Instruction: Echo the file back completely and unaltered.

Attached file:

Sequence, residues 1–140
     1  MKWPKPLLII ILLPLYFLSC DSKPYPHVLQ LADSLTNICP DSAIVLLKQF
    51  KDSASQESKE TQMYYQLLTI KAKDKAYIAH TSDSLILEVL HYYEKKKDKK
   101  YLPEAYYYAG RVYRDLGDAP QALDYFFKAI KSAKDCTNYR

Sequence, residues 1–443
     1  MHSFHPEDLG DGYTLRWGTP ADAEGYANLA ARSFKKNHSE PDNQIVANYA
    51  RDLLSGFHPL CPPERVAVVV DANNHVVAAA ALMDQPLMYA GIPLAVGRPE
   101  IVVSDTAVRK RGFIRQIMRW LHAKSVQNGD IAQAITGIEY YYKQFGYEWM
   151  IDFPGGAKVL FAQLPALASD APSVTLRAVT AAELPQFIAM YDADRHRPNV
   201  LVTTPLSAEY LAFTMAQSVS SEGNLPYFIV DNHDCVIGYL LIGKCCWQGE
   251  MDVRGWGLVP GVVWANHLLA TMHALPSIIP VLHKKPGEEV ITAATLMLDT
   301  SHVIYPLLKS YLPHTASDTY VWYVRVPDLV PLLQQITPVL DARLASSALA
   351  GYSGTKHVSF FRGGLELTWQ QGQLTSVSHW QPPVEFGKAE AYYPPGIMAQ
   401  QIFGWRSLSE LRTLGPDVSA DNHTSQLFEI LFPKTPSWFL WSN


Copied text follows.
Sequence, residues 1–140
     1  MKWPKPLLII ILLPLYFLSC DSKPYPHVLQ LADSLTNICP DSAIVLLKQF
    51  KDSASQESKE TQMYYQLLTI KAKDKAYIAH TSDSLILEVL HYYEKKKDKK
   101  YLPEAYYYAG RVYRDLGDAP QALDYFFKAI KSAKDCTNYR

Sequence, residues 1–443
     1  MHSFHPEDLG DGYTLRWGTP ADAEGYANLA ARSFKKNHSE PDNQIVANYA
    51  RDLLSGFHPL CPPERVAVVV DANNHVVAAA ALMDQPLMYA GIPLAVGRPE
   101  IVVSDTAVRK RGFIRQIMRW LHAKSVQNGD IAQAITGIEY YYKQFGYEWM
   151  IDFPGGAKVL FAQLPALASD APSVTLRAVT AAELPQFIAM YDADRHRPNV
   201  LVTTPLSAEY LAFTMAQSVS SEGNLPYFIV DNHDCVIGYL LIGKCCWQGE
   251  MDVRGWGLVP GVVWANHLLA TMHALPSIIP VLHKKPGEEV ITAATLMLDT
   301  SHVIYPLLKS YLPHTASDTY VWYVRVPDLV PLLQQITPVL DARLASSALA
   351  GYSGTKHVSF FRGGLELTWQ QGQLTSVSHW QPPVEFGKAE AYYPPGIMAQ
   401  QIFGWRSLSE LRTLGPDVSA DNHTSQLFEI LFPKTPSWFL WSN